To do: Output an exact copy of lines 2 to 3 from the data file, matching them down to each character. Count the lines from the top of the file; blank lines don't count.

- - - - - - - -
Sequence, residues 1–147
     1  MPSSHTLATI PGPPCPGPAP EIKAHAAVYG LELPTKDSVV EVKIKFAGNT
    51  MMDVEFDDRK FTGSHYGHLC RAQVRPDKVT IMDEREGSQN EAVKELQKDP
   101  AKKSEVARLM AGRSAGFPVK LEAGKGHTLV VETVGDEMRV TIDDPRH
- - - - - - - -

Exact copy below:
     1  MPSSHTLATI PGPPCPGPAP EIKAHAAVYG LELPTKDSVV EVKIKFAGNT
    51  MMDVEFDDRK FTGSHYGHLC RAQVRPDKVT IMDEREGSQN EAVKELQKDP